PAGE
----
St. Vincent is the most mesmerizing artist in indie rock music today. Where Strange Mercy showed potential, St. Vincent capitalizes on Annie Clark’s store of erudite emotional and cultural reflections and carefully constructed artistic perspectives. You don’t have to read many interviews with her before realizing how incredibly eloquent and thoughtful she is. Her previous three records, most successfully Strange Mercy, have the air of great experiments, conveying her unique sensibilities through a signature guitar style and masterful, delicate compositions. While Strange Mercy came close, St. Vincent truly translates Clark’s stunning sophistication that has always shone through. That isn’t to say that St. Vincent doesn’t take risks — in fact, it might be her greatest risk yet.
The album begins with literal vulnerability. “Rattlesnake” tells of an encounter she had with nature in Texas, where she decided to go on a naked frolic through the woods, only to discover she wasn’t really as alone as she thought. The jaunty, neurotic opening riff sets the scene for the imminent danger and thrill that an unexpected rattling sound sparks. In interviews, Clark says that this really did happen: after seeing the snake, she ran, terrified and naked back to her friend’s home, took a shot of tequila, then wrote the song.
St. Vincent is full of these celebratory moments — steeped in and fascinated by danger, by risks, even by pain. Take “Huey Newton” and “Regret” (arguably the most triumphant song after “Birth in Reverse”). ”Huey” starts slow, like the descent into a drug-induced slumber. But what feels stilted gracefully ascends to this revelatory realm similar to a dream – “Pleasure dot loathing dot Huey dot Newton / oooh / it was a lonely lonely winter…” – and then, Clark jolts us into something else entirely, filled with gloriously grunge guitar and ferocity – “Entombed in a shrine of zeroes and ones / you know…”, she snarls. The song’s progression is definitely difficult to map, as you can tell by this brief attempt. Just know that “Huey” could be one of the best tracks of 2014.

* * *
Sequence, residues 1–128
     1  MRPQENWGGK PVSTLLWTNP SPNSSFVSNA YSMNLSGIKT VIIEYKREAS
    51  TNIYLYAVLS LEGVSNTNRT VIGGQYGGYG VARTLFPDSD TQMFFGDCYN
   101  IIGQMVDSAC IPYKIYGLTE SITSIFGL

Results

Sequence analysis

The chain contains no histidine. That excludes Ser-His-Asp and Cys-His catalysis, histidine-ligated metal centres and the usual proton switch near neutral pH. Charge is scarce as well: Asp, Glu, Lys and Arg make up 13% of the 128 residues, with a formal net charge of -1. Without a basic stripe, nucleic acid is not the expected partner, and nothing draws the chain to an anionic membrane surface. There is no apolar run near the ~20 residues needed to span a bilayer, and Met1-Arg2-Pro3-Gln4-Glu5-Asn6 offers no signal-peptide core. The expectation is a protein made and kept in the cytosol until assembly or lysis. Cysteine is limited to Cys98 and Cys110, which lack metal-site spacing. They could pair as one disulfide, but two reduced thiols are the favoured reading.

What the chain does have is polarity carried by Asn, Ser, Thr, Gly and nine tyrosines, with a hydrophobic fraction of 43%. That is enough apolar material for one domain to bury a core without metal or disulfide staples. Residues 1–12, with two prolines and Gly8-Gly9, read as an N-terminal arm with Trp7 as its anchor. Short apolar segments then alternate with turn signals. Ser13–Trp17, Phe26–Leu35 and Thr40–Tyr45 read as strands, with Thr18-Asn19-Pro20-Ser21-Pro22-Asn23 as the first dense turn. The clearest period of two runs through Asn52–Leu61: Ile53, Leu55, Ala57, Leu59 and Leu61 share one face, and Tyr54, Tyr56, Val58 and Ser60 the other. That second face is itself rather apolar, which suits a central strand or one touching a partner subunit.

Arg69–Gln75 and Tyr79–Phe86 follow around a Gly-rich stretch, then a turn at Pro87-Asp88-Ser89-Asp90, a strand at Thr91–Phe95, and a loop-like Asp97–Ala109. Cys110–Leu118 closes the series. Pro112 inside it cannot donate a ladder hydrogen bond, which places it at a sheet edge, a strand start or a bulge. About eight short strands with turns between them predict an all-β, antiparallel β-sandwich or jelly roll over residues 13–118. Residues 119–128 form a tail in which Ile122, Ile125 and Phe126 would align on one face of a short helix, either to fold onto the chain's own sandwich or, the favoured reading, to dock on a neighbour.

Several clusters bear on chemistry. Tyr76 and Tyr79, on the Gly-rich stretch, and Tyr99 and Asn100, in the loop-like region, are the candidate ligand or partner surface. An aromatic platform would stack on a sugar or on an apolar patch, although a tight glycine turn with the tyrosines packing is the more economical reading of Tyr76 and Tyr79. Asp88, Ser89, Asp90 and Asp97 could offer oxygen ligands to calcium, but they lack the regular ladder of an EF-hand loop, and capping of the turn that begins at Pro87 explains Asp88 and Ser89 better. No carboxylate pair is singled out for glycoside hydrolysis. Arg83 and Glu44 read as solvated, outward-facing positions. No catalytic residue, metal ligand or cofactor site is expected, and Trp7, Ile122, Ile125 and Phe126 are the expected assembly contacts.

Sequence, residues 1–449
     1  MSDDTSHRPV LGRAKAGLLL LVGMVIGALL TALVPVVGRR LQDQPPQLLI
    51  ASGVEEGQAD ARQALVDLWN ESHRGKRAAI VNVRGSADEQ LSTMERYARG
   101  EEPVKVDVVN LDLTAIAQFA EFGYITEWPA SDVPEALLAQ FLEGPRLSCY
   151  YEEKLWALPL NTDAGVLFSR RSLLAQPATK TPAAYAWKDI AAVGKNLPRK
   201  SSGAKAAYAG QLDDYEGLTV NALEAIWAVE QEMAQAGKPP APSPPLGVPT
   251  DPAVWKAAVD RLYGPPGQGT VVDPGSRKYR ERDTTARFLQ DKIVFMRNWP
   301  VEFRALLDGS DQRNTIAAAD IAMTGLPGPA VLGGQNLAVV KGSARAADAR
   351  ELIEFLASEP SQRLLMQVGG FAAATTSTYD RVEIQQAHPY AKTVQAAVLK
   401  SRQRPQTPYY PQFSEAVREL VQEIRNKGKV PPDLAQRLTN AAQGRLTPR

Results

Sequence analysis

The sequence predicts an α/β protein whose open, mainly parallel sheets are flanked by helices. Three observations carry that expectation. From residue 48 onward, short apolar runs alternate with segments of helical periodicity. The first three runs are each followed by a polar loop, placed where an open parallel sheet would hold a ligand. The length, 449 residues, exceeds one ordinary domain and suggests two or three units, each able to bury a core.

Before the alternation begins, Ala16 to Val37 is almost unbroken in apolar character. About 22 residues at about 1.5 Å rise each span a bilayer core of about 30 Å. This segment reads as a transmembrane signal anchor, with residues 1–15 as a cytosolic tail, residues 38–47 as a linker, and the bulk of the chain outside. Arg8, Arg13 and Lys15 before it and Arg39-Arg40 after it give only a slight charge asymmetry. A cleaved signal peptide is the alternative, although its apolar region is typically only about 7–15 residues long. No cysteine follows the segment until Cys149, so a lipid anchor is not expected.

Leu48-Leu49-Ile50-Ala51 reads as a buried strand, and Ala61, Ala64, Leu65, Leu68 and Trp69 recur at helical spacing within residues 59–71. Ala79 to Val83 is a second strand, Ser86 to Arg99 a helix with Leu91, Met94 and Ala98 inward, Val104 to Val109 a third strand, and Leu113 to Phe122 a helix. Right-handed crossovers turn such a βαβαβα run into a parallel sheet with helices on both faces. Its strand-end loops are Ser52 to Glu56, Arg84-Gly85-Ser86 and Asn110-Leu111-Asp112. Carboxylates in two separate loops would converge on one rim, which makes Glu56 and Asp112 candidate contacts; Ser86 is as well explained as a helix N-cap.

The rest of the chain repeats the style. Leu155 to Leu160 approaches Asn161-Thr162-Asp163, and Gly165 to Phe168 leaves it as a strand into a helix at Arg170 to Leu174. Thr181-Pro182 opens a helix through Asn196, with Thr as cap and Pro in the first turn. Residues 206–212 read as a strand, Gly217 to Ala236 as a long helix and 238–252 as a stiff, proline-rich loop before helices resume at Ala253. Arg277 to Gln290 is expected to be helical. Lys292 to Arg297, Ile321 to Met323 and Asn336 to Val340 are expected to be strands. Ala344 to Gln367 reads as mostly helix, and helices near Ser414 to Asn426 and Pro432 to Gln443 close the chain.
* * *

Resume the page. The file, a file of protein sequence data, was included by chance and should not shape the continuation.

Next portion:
The stars of St. Vincent are numerous. Along with “Birth in Reverse” – the clear, brave epitome of the album – you also have slow, slick ballads like “Severed Crossed Fingers” and “I Prefer Your Love.” Nothing feels more personal than imagining your own body parts falling apart for your art – “Spitting our guts from their gears / draining our spleen over years / find my severed crossed fingers in the rubble there.” However, “Prince Johnny” definitely stands out as the gorgeous darling of St. Vincent, with its velvety, ambient choir and dark character portrait.
Concerning the influence her collaboration with David Byrne on the LP, Love This Giant, Clark speaks admiringly of Byrne’s fearlessness. She also talks about the thrill and impetus that their tour’s choreographed stage routine gave her – she credits St. Vincent‘s undeniable danceability to this experience. “Digital Witness” in particular succeeds here, the most Love This Giant-esque of the album, as well as “Birth” and “Rattlesnake.” She puts her talent for writing intriguing but essentially pop melodies to work in St. Vincent, clearly reveling in her own reality.
St. Vincent seems to literally live and breathe and even come close to death through this record. By embracing herself whole-heartedly, she’s managed to produce art that is entirely genuine, personal, and new. It must be terrifying, but in many more ways it sounds liberating. Like many geniuses before her, St. Vincent has risked it all.
“Birth in Reverse”